Higher Education Quick Takes

Quick Takes

July 20, 2020

The American Association of University Professors today released a new kind of diagnostic tool for assessing institutions’ academic freedom. The report is a based on an examination of 198 college and university faculty handbooks’ and collective bargaining agreements’ policies on academic freedom, dismissal for cause, financial exigency and program discontinuance. The investigation loosely tracks a similar study from 2000, revealing changes over time.

The good news, from the AAUP’s point of view, is that many of its recommended policies and standards are still prevalent, or more prevalent, within these documents, than they were in 2000. The bad news is that some AAUP-backed policies concerning financial exigency, in particular, are lacking, especially in light of the coronavirus pandemic.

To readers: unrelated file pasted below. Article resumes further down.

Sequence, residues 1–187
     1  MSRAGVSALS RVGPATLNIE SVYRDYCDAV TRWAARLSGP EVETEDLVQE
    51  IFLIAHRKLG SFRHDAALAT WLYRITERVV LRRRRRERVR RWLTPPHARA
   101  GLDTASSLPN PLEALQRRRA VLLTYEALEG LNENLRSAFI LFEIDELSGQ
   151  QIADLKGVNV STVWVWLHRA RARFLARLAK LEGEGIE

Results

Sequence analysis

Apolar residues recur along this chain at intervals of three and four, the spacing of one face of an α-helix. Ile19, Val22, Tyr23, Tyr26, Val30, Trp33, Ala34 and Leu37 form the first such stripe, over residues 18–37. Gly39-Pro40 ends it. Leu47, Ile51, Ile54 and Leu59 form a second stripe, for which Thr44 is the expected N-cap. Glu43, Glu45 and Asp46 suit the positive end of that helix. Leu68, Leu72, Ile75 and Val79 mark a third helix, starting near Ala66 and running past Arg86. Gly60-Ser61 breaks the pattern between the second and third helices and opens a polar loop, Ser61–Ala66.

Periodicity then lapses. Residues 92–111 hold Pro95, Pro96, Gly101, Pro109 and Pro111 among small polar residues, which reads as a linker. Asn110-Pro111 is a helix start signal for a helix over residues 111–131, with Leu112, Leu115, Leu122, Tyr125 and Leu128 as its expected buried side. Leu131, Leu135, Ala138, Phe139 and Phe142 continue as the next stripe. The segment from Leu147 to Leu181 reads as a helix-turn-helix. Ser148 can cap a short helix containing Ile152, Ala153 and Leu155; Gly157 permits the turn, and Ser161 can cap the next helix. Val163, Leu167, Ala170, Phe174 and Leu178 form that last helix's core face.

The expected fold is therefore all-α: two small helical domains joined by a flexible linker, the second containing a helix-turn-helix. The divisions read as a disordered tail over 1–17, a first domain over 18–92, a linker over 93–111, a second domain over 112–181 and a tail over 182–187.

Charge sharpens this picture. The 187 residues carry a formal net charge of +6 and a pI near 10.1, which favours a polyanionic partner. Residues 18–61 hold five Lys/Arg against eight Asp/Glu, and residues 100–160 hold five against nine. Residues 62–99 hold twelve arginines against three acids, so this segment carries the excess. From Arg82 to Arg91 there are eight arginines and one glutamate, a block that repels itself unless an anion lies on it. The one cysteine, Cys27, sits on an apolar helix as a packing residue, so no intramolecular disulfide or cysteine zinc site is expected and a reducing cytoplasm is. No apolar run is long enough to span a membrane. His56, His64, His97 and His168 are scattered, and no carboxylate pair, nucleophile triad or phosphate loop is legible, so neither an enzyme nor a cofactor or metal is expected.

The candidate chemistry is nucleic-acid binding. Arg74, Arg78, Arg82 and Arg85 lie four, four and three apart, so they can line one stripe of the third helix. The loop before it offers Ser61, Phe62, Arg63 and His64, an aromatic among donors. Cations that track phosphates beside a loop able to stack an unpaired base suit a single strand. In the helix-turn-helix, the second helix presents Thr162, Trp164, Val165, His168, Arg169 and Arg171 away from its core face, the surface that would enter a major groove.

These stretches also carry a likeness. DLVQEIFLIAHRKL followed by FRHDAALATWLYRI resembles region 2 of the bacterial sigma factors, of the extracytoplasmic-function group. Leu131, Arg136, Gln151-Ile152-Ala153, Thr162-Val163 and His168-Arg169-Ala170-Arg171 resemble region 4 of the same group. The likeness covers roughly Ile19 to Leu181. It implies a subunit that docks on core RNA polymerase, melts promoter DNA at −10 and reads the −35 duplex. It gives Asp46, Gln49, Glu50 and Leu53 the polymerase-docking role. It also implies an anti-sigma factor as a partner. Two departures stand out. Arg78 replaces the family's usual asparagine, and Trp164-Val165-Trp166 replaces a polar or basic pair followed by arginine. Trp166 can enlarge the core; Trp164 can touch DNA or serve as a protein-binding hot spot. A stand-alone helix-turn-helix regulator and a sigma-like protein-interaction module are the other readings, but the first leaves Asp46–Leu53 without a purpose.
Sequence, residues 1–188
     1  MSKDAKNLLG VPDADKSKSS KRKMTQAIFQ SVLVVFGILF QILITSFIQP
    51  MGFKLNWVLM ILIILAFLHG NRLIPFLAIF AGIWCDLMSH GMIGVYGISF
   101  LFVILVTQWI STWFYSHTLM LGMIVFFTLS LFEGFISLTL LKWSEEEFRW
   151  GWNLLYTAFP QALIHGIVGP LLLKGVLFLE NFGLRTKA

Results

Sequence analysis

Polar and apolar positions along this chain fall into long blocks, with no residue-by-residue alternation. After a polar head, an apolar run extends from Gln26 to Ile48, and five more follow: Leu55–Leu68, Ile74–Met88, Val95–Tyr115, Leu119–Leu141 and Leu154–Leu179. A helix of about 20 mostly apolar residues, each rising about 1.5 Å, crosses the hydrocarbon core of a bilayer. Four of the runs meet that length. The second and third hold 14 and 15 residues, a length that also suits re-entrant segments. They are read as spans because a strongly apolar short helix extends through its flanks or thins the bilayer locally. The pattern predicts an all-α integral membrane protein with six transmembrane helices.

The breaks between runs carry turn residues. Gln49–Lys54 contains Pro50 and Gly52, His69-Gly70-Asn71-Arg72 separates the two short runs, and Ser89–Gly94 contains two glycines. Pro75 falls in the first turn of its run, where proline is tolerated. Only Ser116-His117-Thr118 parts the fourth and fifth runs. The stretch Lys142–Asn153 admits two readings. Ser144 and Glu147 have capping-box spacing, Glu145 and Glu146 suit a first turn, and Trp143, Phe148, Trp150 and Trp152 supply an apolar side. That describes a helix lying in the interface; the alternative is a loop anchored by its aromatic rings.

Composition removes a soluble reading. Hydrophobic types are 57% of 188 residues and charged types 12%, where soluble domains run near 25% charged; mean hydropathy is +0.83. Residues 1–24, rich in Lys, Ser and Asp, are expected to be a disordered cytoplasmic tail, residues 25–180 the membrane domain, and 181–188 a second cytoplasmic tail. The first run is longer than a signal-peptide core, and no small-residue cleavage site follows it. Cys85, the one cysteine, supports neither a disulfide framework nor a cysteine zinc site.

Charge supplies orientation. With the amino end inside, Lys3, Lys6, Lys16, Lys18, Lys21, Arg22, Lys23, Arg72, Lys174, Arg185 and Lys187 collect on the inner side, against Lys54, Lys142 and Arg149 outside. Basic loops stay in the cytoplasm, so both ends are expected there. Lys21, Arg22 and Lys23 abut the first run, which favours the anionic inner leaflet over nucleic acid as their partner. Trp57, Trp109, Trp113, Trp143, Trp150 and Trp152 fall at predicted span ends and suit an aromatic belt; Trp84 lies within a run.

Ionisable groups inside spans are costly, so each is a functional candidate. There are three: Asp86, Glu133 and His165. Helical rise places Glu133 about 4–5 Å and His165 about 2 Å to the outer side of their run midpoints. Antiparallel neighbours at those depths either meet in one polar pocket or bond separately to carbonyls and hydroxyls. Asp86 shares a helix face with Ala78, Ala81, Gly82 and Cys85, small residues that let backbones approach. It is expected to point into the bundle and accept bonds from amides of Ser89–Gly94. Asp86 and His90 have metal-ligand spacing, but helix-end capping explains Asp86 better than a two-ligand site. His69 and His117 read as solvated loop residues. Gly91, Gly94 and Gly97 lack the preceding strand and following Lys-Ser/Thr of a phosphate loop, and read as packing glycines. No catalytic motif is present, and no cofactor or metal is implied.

Seventy-three percent of the four-year institutions with a tenure system studied based their academic freedom policy directly on AAUP standards, according to the report. Three percent of institutions have no academic freedom statement, and 24 percent have an academic freedom statement not based on AAUP language.

On financial exigency, 95 percent of institutions studied have financial exigency policies that allow for the termination of appointments. Some 55 percent do not explicitly define those conditions, down from 69 percent in 2000. That’s an improvement, but the AAUP urges that institutions align their definitions of true financial exigency with the AAUP’s in a new era of COVID-19-related financial challenges, with layoffs a looming threat.